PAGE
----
North shore District Attorney Warren Montgomery is continuing a long-running court battle with St. Tammany Parish officials over who controls the government's legal representation, now asking the Louisiana Supreme Court to weigh in on the issue.

The DA for the 22nd Judicial District filed his request with the high court Wednesday, a month after the state 1st Circuit Court of Appeal upheld a lower court ruling that the parish government has the authority to maintain a legal department separate from Montgomery's office.

In his filing, Montgomery said the parish illegally attempted to amend its home rule charter by passing ordinances that altered the role of the DA and created an independent legal department. The parish had failed to get those changes approved legally at the ballot box when voters rejected a charter amendment, he said.

Parish President Pat Brister said she was disappointed by the DA's decision to continue the legal fight.

"The parish government has won this argument twice with three different judges in two different courts," Brister said, alluding to the initial ruling in 22nd Judicial District Court and the 2-1 decision rendered by the 1st Circuit Court of Appeal last month.

The parish government has been conducting its legal business independently for at least 17 years, she said, adding that the DA's opposition astonishes her. "It irks me that he chooses me to sue on this issue," she said.

When the matter first arose, she said, Montgomery told her that he just wanted a judge to rule on the question. Now that's happened twice, she said. "He just didn't like the answer."

Montgomery said he believes what he is doing is right. "The people of St. Tammany voted against these proposals," he said Thursday. "The chief justice of the 1st Circuit Court of Appeal dissented from the court’s decision, and 25 district attorneys from around the state disagreed with the court’s ruling and have joined in legal action to overturn that decision. The Louisiana Supreme Court will have the final say-so."

Montgomery and parish officials began wrangling over the question of the parish's legal business in 2015 when the proposed charter revision went to voters. Montgomery said at the time that he supported an independent legal department for the parish president but not for the Parish Council. Voters soundly defeated the amendment.

The dispute continued, however, with Montgomery insisting that the charter puts him in charge of all parish legal business. Parish officials said the charter provision simply means the DA can't refuse to represent the parish if asked to do so, not that he has the sole right to represent it.

Montgomery filed suit in April 2016 asking the court to recognize his "legal rights, duties and obligations'' to provide general legal counsel to the administration, the council and all parish boards and commissions and to block the parish from operating a civil legal department.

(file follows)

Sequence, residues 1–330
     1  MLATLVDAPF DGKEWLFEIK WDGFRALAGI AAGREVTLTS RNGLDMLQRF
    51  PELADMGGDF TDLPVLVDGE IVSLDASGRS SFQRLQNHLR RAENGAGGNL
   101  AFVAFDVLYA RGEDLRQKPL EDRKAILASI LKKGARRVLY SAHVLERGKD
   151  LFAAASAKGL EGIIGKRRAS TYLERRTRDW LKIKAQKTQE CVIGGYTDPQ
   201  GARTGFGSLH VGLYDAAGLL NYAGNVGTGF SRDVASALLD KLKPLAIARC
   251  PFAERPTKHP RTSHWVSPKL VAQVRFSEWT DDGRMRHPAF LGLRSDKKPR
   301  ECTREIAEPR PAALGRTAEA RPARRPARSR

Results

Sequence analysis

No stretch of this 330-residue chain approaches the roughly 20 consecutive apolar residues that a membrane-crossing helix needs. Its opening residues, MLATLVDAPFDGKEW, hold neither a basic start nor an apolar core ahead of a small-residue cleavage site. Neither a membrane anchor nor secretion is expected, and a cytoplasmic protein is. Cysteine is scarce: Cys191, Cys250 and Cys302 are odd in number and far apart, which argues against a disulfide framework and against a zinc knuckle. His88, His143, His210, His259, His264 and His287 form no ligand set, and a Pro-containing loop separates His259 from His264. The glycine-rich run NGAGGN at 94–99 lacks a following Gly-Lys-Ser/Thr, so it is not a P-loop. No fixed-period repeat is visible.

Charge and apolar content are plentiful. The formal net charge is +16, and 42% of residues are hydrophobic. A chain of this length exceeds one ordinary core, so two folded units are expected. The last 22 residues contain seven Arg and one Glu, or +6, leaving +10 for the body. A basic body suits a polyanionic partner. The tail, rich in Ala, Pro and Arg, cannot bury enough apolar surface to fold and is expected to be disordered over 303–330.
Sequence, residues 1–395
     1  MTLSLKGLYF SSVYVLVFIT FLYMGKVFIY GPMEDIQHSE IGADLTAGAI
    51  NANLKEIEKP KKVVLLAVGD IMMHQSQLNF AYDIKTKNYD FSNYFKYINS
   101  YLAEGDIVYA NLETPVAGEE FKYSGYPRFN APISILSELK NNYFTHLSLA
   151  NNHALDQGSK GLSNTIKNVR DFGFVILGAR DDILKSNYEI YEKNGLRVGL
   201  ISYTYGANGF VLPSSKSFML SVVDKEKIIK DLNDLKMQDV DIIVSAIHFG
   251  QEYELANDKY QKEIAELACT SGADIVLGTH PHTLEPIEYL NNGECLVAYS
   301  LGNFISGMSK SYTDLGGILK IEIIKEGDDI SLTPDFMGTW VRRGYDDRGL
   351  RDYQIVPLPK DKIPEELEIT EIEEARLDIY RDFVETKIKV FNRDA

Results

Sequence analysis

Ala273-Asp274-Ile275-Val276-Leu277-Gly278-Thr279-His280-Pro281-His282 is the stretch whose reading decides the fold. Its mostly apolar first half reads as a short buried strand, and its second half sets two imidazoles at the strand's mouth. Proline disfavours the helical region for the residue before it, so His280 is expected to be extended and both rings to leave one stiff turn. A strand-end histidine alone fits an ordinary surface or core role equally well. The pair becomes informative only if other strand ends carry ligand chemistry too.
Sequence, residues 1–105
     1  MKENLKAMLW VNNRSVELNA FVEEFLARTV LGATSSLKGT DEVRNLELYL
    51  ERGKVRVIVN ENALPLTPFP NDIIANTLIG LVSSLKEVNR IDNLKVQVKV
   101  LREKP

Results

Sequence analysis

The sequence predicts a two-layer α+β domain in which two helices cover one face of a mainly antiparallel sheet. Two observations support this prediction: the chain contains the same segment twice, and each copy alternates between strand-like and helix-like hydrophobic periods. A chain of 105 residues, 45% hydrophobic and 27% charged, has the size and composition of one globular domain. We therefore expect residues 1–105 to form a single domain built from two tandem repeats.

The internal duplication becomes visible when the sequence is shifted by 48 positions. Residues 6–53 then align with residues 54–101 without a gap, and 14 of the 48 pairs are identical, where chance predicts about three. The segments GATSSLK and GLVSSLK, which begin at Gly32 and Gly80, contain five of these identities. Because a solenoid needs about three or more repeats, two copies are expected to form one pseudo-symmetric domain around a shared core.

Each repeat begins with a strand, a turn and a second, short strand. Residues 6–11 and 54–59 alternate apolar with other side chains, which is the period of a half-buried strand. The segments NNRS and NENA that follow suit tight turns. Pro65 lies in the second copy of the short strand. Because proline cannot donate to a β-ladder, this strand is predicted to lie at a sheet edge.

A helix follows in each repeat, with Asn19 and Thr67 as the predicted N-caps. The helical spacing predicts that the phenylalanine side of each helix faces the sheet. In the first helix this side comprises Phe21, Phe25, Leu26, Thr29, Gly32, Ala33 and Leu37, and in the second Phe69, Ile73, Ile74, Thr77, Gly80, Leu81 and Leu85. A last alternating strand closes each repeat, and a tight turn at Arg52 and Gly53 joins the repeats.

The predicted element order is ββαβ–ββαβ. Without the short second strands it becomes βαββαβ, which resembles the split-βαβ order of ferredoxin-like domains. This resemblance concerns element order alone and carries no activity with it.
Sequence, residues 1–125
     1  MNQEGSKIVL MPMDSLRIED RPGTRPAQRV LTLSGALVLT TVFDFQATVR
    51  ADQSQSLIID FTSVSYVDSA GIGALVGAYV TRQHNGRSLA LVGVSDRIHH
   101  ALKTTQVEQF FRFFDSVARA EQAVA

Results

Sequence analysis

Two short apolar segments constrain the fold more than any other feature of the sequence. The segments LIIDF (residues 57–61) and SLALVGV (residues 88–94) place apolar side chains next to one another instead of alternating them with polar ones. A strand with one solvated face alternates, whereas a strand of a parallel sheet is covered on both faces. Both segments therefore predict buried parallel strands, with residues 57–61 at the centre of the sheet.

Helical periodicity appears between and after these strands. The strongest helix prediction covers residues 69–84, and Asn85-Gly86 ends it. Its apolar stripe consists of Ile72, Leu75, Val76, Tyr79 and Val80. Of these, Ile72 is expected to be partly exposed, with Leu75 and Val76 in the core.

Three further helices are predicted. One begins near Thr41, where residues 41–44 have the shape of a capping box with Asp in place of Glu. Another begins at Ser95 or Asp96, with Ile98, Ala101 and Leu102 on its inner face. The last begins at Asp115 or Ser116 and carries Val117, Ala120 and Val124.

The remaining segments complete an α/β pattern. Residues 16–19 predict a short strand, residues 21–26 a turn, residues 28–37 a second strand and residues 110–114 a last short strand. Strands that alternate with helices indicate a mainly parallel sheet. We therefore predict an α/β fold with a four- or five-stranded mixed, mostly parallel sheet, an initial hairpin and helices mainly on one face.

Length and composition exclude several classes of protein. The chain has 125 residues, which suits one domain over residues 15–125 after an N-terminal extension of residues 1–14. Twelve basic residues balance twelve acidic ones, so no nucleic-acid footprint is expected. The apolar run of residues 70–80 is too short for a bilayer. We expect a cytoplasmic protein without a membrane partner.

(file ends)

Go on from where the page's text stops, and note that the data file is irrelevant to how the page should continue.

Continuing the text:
An ad hoc judge in 22nd Judicial District Court ruled in favor of the parish in September 2016, and last month, the 1st Circuit affirmed Judge Marion F. Edwards' ruling that parish government officials have the right to choose their own lawyers.

Edwards said the parish acted within its authority in establishing a legal department and that forcing Brister and the Parish Council to accept Montgomery as their sole legal adviser would hurt their ability to work together for the benefit of St. Tammany residents.

Montgomery appealed Edwards' ruling.

In affirming that ruling, the 1st Circuit said the parish has had independent legal representation since 2007, despite Montgomery's argument that the attorneys who worked for the parish were assistant district attorneys with official commissions.

Among other points, the appellate court majority said that the parish president and council reorganized local government, a power that they have under the home rule charter.

But Chief Judge Vanessa Whipple, who dissented, argued that the authority to reorganize "may not be used to effectively usurp the power and duties of the district attorney as set forth by legislation."

Whipple pointed to language in the parish ordinance establishing the legal department, which said that the DA is to serve "upon the request" of parish government. That conflicts with the district attorney's right and duty under state law to serve as the regular attorney for the parish, she said.

In his writ to the state Supreme Court, Montgomery argues that the length of time that the parish has handled its own legal matters doesn't matter. "Past non-compliance with the law does not abrogate the law," he said.

The lower courts, in their rulings, effectively sanctioned amending a home rule charter by ordinance without a vote of the people, Montgomery said, calling that a violation of the state constitution.

Follow Sara Pagones on Twitter, @spagonesadvocat.